Home / CD Review: Superbeautifulmonster by Bif Naked

CD Review: Superbeautifulmonster by Bif Naked

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Bif Naked is currently on tour in the US promoting her Superbeaurifulmonster CD. In a recent MySpace bulletin, she playfully dubbed this series of performances the “super beautiful mons-tour” (or the word could have been accidentally truncated). In either case I thought it was funny and that is really like Bif’s sense of humor through and through. With three albums to her credit as well as TV and movie roles, she is one of the most easily recognized performers in Canada. She is a beautiful punk rock princess no doubt, but she is also a really cool person. I won’t go into her bio facts here because all that information is available in the interview that I did with her last year.

I want to approach reviewing this CD from a slightly different perspective than I usually do with major recording artists because I spent that hour or so getting to know her during the interview. As it turned out, I did the interview before I had a chance to listen to the CD and so, when I did listen to it, I think that having talked to her about herself beforehand lent a whole different dimension to the music for me, and I want to try to share that insight here. Is it accurate? I don’t know, but it sort of seemed like I could see pieces of her personality in most of the songs, like her sense of humor, her attitude, and her world view, and it was a lot of fun to listen to the music from that perspective.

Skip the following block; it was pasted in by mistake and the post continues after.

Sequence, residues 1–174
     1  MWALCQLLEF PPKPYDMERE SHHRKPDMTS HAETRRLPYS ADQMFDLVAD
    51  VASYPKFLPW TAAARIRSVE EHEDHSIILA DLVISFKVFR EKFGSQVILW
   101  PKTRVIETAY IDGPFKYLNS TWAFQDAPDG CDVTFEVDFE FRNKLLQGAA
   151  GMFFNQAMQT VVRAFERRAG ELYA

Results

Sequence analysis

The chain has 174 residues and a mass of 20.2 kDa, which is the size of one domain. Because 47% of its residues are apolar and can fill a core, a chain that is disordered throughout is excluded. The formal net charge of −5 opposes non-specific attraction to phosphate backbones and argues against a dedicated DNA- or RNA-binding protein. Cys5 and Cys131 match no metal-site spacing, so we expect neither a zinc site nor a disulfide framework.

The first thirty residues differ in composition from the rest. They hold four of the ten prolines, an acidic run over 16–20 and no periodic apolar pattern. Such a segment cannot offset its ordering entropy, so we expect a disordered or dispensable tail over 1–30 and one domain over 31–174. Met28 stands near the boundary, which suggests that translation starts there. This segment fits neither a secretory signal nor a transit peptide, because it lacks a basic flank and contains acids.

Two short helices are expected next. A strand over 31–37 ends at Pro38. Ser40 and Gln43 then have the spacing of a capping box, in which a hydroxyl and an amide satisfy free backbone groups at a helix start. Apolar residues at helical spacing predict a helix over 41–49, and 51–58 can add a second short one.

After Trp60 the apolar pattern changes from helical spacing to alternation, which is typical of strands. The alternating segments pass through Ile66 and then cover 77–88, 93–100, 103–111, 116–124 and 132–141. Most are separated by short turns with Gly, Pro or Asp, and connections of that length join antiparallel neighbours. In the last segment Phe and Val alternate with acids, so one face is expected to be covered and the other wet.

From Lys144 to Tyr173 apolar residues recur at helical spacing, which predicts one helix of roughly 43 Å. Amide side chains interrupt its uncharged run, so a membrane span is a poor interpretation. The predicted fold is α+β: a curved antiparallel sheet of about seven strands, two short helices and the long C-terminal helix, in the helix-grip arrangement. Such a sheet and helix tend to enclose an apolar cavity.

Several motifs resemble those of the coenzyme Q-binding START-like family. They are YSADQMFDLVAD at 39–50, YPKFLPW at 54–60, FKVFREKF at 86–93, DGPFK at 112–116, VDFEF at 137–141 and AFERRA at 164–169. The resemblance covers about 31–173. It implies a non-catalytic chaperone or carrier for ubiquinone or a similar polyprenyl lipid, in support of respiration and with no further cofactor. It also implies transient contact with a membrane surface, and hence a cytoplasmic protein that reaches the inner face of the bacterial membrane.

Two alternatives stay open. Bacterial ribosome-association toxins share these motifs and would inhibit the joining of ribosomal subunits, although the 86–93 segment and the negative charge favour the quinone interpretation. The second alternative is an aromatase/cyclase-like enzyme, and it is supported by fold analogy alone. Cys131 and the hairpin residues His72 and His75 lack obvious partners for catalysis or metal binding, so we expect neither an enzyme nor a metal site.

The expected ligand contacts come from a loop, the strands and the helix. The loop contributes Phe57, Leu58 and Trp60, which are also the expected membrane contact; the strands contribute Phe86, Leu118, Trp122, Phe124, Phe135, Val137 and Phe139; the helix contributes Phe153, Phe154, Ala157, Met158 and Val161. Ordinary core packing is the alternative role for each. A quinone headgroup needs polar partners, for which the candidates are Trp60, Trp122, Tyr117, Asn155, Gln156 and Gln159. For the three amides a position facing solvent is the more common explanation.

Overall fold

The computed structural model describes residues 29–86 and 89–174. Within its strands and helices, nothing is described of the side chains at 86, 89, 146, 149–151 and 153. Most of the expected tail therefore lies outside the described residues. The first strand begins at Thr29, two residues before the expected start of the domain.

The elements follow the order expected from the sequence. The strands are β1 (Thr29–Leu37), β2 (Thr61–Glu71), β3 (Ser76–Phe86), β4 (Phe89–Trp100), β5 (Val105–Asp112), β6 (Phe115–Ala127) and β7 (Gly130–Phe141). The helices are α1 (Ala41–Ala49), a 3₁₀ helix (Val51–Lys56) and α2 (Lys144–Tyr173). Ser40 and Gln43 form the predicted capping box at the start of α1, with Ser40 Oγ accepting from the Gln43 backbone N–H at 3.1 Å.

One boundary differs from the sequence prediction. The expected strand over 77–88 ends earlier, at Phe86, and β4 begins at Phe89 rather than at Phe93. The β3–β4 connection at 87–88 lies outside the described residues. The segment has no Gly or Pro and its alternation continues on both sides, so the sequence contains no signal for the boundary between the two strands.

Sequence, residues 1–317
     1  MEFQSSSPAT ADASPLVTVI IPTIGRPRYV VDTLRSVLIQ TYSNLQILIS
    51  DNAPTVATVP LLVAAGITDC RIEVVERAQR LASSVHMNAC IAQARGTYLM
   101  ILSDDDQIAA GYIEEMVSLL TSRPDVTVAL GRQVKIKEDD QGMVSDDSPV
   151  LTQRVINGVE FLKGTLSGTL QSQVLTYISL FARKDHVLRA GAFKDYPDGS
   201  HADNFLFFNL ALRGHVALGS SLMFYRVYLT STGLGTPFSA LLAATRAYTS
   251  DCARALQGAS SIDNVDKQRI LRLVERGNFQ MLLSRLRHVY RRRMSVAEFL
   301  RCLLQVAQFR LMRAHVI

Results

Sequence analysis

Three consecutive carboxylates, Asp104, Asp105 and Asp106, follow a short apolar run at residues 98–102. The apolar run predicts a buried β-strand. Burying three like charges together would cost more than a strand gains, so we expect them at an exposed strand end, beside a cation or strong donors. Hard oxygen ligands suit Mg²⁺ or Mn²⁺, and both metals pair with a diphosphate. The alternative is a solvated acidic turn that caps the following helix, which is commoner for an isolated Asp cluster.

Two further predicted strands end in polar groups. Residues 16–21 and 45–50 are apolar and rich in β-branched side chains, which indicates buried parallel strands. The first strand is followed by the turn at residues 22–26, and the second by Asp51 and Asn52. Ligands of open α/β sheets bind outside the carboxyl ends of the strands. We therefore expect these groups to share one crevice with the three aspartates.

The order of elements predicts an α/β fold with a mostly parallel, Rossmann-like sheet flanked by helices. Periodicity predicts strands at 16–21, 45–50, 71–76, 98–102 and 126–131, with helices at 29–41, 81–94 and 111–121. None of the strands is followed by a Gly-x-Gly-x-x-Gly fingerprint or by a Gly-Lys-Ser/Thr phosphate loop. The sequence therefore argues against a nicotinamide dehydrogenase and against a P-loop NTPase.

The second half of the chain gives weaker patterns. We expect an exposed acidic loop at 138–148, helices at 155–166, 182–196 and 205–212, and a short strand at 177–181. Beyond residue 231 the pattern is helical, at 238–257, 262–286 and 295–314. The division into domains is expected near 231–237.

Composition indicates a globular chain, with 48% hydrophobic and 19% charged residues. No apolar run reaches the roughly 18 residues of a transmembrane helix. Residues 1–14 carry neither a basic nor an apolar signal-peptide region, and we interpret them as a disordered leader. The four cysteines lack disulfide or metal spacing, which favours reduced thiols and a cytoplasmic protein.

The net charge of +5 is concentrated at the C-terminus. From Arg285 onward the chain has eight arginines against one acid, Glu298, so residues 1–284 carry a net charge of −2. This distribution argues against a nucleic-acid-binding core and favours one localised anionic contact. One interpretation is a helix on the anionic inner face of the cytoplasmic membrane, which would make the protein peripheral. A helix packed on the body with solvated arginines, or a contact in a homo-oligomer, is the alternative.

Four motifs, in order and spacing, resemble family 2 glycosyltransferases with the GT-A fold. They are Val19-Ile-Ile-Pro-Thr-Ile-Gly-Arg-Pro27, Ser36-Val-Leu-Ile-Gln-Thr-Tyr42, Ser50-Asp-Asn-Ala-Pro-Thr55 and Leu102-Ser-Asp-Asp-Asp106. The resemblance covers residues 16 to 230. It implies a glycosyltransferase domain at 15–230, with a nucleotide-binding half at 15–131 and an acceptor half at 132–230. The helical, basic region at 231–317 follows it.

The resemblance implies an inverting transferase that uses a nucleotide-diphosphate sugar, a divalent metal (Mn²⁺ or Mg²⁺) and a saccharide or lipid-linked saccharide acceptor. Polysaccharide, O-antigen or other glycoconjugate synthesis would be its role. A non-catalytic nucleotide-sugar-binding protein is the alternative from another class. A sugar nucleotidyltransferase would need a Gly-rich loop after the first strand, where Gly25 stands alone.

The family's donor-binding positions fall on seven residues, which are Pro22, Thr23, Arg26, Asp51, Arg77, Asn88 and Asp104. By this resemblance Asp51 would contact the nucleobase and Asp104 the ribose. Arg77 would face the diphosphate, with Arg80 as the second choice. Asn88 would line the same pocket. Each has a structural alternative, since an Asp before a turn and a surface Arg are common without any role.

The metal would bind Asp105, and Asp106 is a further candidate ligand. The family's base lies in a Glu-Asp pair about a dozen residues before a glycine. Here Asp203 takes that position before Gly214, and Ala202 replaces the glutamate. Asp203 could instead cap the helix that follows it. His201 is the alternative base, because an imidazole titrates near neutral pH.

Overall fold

For example, the first song on the CD, “Abandonment,” is seemingly just a lament over a lost lover and feelings of being left behind — pretty much a state we have all been in at one time or another. But I wondered if the emotion behind this song had anything to do with leftover feelings from Bif’s own childhood since I knew she was adopted by missionaries. See what I mean? The second song, “Let Down”, is classic punk. The theme is a girl living in her parents’ basement with her two guitars and a rock ‘n’ roll dream long after her parents’ patience has run out and the rest of the world has moved on. Bif told me last year that her own dad still asks her when she is going to go back to school and become a doctor.

“Everyday”, track #3 on the CD, slows the tempo down a little bit to offer the advice that you should “live each day as though it were your last one.” I think the lyrics themselves are very good prose and again, it is part of Bif. She has spent a lot of time pondering religion and spirituality and has gotten to a place that she is comfortable with. The advice in this song is probably a distillation of the beliefs that she lives by. You can see this part of her reflected in the notes on the liner jacket of this CD and also all over her body. Quite a few of her prodigious number of tattoos are words and symbols with a spiritual connotation.

The next song, “Yeah You,” is way cool in my opinion. The lyrics and theme are very simple. It is a song about love or lust and it has a fun score behind it. What really makes the song cool though is where she puts the emphasis in the line “you make me come, all undone”. You just have to hear it, I guess.